• Subfascial endoscopic perforator surgery: a minimally invasive procedure in which perforator veins found in the calf are clipped and tied off, allowing blood to drain into healthy veins.
  • Surgical repair: the affected vein and/or valves are surgically repaired through an open incision or by using a catheter.
  • Vein stripping: the affected vein is removed through small surgical incisions made in the leg.
  • Vein transplant: a healthy vein from another part of the body is transplanted to replace the affected vein.

Prevention

Whether you’ve never had chronic venous insufficiency or you’ve undergone treatment and want to lower the risk of recurrence, it’s always a good idea to practice self-care and healthy habits! Seemingly small lifestyle changes can lead to big health benefits and improve your overall quality of life.

There are several things you can do to lower your risk of CVI:

  • Maintaining healthy weight
  • Exercising regularly
  • Maintaining good skin care
  • Avoiding sitting or standing for prolonged periods
  • Uncrossing legs while sitting
  • Wearing non-restrictive clothing

Chronic venous insufficiency is a treatable and manageable condition, but remember: even with successful treatment, recurrence can still happen. It’s essential for patients to stay consistent with their treatment and maintain communication with their healthcare providers should symptoms arise again!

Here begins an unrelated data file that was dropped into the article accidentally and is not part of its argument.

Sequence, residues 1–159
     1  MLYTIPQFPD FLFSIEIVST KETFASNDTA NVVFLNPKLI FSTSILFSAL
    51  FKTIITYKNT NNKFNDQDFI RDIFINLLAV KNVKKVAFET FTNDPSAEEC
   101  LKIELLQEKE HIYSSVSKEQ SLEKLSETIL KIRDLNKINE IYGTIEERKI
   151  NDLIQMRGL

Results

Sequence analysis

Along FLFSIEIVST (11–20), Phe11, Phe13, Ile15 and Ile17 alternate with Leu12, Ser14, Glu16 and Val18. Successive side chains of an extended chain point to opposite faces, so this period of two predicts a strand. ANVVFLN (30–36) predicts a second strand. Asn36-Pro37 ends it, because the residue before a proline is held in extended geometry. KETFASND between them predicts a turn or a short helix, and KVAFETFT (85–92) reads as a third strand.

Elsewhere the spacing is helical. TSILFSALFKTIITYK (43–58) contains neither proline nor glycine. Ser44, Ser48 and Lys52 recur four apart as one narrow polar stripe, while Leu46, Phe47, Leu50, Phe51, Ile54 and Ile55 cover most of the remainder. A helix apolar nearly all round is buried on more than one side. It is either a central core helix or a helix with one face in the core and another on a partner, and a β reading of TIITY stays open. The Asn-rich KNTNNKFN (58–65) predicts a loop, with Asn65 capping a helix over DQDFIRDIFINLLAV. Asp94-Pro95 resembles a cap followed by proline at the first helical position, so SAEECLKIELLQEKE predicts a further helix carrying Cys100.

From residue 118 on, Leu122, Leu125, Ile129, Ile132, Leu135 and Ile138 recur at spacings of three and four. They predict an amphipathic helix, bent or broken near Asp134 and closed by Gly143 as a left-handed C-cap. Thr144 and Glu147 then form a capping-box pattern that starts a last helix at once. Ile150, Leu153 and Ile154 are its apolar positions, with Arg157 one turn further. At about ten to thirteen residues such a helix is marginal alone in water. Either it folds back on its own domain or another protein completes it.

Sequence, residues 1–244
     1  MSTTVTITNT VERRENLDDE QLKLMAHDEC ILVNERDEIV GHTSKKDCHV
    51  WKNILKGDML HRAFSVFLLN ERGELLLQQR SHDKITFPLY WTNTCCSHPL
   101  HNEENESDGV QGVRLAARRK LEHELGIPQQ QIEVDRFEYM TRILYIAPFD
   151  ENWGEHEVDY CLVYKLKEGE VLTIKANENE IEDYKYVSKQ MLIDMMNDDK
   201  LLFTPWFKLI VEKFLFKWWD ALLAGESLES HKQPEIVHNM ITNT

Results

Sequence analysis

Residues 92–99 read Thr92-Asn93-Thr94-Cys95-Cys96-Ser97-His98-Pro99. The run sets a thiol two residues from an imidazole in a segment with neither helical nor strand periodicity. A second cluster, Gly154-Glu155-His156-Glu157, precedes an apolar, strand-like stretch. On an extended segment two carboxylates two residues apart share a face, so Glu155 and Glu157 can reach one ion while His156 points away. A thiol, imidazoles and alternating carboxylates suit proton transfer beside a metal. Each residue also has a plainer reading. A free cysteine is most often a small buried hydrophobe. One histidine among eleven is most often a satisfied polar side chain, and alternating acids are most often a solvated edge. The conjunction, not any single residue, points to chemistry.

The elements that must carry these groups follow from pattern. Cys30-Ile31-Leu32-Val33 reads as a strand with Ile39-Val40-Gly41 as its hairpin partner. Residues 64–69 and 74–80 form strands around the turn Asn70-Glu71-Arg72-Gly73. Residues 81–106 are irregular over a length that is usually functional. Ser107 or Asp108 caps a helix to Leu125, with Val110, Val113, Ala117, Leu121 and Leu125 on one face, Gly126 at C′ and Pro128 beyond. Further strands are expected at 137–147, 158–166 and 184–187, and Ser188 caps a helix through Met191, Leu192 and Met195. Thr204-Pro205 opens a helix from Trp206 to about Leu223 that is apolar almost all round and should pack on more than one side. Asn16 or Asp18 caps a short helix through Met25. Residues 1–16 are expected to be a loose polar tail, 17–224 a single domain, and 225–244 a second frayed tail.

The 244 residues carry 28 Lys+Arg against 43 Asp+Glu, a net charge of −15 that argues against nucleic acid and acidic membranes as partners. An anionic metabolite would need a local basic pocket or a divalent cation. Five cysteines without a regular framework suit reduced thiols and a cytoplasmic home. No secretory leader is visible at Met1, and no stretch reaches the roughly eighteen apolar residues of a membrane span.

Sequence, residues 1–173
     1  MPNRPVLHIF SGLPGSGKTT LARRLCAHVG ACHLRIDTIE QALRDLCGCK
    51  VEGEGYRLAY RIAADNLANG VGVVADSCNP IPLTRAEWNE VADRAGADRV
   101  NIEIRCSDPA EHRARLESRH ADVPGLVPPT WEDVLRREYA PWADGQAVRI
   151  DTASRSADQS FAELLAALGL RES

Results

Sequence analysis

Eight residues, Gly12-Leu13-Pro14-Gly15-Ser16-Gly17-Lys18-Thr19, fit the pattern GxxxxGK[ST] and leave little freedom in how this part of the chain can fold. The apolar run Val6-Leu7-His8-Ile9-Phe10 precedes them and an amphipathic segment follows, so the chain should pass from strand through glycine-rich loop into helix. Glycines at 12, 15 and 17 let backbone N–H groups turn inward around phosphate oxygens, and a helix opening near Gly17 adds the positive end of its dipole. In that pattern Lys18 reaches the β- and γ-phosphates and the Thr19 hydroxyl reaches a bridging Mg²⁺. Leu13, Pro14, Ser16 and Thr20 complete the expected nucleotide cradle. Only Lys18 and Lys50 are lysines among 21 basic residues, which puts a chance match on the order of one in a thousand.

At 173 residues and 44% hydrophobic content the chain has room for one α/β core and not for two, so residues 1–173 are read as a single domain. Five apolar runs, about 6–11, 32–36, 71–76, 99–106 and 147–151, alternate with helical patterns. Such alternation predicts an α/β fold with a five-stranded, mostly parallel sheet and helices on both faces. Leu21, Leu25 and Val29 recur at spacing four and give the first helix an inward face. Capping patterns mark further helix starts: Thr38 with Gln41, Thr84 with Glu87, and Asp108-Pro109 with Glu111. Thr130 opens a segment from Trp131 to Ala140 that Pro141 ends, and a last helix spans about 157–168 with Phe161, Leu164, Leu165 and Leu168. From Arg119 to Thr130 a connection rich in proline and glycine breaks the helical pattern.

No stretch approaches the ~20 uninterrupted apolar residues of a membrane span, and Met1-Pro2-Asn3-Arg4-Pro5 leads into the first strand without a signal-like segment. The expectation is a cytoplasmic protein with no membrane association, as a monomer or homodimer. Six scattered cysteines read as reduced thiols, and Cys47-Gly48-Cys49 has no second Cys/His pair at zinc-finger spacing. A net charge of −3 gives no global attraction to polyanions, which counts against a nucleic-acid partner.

SOURCES

“All About Chronic Venous Insufficiency (CVI).” Conditions. Vein Directory. Web. Retrieved from http://www.veindirectory.org/article/conditions/chronic-venous-insufficiency-cvi 

Burnard, Kevin G., and Wadoodi, Ashar. “Chapter 11: Physiology of Venous Insufficiency.” Vein Handbook. American Venous Forum. Web. Retrieved from http://www.veinforum.org/patients/vein-handbook/chapter-11-physiology-of-venous-insufficiency.html 

“Chronic Venous Insufficiency.” Health Library. Johns Hopkins Medicine. Web. Retrieved from http://www.hopkinsmedicine.org/healthlibrary/conditions/cardiovascular_diseases/chronic_venous_insufficiency_85,P08250/ 

“Chronic Venous Insufficiency.” Health Library. Mount Sinai Hospital. Web. Retrieved from http://www.mountsinai.org/patient-care/health-library/diseases-and-conditions/chronic-venous-insufficiency 

Henke, Peter K. “Chronic Venous Insufficiency.” Vascular Conditions. Society for Vascular Surgery. Web. Retrieved from https://vascular.org/patient-resources/vascular-conditions/chronic-venous-insufficiency

“Venous Insufficiency.” Health Guide. The New York Times. Web. Retrieved from http://www.nytimes.com/health/guides/disease/venous-insufficiency/overview.html 

“What is Chronic Venous Insufficiency?” Conditions. Vein Directory. Web. Retrieved from http://www.veindirectory.org/article/conditions/what-is-chronic-venous-insufficiency